I had agreed to talk to anyone who would listen and a few days before I handed in my resignation at WBAI, a CIA agent interviewed me in my WBAI office. He had no interest in my observations about the war. He showed me maps of villages and asked me to identify buildings. The few I knew were all civilian targets. No one knew I was resigning from WBAI at that time. I hadn’t even told the staff, but Walter Freund (Walter the Friend), told me he’d heard I was leaving Pacifica. Asked how he found out, Walter would only say it was “in the air.” Then he offered, “a smart, enterprising young man like you” a job with the agency. Over the course of the last year, I’d been recruited by both super power security agencies!
Pacifica ran my Vietnam programs incessantly after I resigned. I was bitter. I went to a WBAI listeners meeting on the upper west side several weeks later. I sat unobserved in the back of the room. Chris Albertson was answering questions. In the midst of some comment that I thought was particularly egregious, I rose and confronted him. The audience gasped. Albertson ducked behind his chair and escaped out the back in utter confusion. I had the stage to myself, my fans enthusiastically applauding me. Another battle won while the war was lost. Albertson remained manager of WBAI while I was looking for work.
I sold four pages of photographs to Life Magazine. They showed militia firing rifles at simulated jet fighters and Ho Chi Min raising his fist with other North Vietnam dignitaries as they sang the national anthem. Newsweek ran a three page spread with my pictures and text. The article ended with the importance the North Vietnamese placed on the American Peace Movement. I published three lengthy articles in the Denver Post. I.F. Stone gave me the entire October 11th, 1965 edition of his Weekly. My articles appeared in Diplomat, the War/Peace Report, Viet Report, The National Inquirer and several other small magazines. Students, churches and peace groups across the country asked me to speak or write for their local publications.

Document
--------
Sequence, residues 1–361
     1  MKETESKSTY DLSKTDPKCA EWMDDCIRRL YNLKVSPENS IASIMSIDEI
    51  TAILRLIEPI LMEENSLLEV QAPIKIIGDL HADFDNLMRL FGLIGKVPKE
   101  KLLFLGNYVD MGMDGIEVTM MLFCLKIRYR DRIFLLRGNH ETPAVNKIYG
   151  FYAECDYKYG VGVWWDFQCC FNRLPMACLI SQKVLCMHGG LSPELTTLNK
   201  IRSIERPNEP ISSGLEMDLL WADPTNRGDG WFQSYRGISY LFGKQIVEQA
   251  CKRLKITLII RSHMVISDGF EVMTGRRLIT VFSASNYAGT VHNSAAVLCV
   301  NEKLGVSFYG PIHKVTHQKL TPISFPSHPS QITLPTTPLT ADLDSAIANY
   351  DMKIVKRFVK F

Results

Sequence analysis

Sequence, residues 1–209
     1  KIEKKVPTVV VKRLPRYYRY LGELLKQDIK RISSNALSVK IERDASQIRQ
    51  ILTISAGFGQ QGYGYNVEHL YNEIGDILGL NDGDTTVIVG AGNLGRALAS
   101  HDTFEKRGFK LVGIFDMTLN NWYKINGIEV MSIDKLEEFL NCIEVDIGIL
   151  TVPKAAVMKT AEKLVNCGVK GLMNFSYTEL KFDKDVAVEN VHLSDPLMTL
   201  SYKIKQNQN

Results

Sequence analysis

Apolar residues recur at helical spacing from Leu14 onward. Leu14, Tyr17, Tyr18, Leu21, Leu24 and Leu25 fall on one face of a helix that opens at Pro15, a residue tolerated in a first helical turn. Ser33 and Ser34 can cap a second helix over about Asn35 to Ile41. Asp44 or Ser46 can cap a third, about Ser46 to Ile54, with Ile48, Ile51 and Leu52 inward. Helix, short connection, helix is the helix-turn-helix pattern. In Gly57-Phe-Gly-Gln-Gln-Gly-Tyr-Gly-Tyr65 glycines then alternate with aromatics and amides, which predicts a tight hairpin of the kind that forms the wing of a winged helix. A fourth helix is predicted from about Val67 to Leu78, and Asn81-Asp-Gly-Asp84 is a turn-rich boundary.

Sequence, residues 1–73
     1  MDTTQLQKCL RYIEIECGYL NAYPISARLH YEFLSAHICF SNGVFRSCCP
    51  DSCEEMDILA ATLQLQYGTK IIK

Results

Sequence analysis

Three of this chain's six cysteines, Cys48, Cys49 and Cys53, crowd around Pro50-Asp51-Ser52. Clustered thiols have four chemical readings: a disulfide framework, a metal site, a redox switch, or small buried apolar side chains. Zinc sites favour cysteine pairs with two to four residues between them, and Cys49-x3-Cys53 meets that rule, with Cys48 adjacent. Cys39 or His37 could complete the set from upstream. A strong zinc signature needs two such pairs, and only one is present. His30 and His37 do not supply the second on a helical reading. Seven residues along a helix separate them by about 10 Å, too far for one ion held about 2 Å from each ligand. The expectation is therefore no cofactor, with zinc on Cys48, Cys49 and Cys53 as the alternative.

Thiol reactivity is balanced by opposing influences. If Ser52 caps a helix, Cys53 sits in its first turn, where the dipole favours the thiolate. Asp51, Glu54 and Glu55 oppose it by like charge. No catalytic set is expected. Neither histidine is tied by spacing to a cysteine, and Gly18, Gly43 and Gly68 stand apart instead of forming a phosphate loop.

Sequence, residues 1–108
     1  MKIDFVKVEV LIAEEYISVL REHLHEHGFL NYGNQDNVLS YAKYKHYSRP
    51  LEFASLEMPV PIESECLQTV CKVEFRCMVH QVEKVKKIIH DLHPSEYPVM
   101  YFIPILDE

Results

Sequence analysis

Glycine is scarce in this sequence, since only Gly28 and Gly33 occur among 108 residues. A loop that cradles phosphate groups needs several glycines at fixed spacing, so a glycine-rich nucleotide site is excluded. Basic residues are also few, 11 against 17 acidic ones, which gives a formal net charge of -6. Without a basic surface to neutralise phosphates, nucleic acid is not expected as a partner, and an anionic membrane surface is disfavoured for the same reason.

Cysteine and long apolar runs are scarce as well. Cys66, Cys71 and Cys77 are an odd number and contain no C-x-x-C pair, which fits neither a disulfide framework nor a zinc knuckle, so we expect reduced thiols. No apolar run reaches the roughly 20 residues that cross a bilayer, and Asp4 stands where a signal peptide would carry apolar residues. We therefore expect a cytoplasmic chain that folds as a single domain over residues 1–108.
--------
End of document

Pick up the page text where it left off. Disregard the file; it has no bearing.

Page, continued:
My basic message, in both articles and speeches, was that we were going to lose the war. It was not a message that every audience wanted to hear. In Plattsburgh, New York, I created a near riot during a debate with World War II veterans, and my sponsor led me out a back door as the audience erupted in anger. At an Optimists Club meeting north of Denver, Colorado, I escaped through a back window as the optimists stormed the stage. I was too pessimistic.
Sandy Sokolow of CBS news called in mid November and asked me to meet him at the Slate, the dark CBS hangout on 11th Avenue. The head of the news department, Gordon Manning, wanted to talk to me about an on-air job covering the Congressional races in Vermont, New Hampshire and Maine. I met with Manning in his huge CBS office in front of a larger than life-size photograph of his two children. He offered me the job. When I asked about salary, Manning slipped his arm around my shoulder and said, “At the level you’re coming into CBS I wouldn’t worry about salary.” I was only thirty; I’d carried out a journalistic coup and CBS had just offered me an on-air job. I still remember that feeling of exhilaration as I walked down 6th Avenue. I thought I had New York City by the tail.
The conversation with Gordon Manning took place in mid December. Christmas came and went. New Years Eve. I expected to hear something from CBS shortly after the first of the year, but time dragged on with no response. I called Manning’s office. He was unavailable. I called Sandy Sokolow. He was out-of-town.
In late January I was speaking at a synagogue on Long Island. Someone asked me what I planned to do now that I was no longer with Pacifica. I told the story of the aborted job offer by CBS. After my talk a man came up and introduced himself as a lawyer for CBS. He offered to find out what happened. He called the following week. “You were hired.” he told me. “I saw your paperwork. It was sent down from New York to Washington where all CBS hires are reviewed by CBS lawyers. They took one look at your record and said, ‘You can’t hire this kid.’”
On February 4th, I received word from the State Department that they were lifting my passport. Staunton Lynd, Herbert Aptheker and Tom Hayden had just become the second group of Americans to go to North Vietnam. The state Department had taken their passports. Now they were coming after ours. Leonard Boudin agreed to represent me.
In early March Sandy Sokolow called me unexpectedly and asked to meet again at the Slate. Sandy wanted help getting a team of reporters into Hanoi. I offered to produce the segment for him, but Sandy turned me down. I asked him if he could help me find work at one of the other networks. CBS, after all, had been enthusiastic about my work. Sandy looked even more uncomfortable and replied, without looking at me directly, “Have you ever considered work in another field?”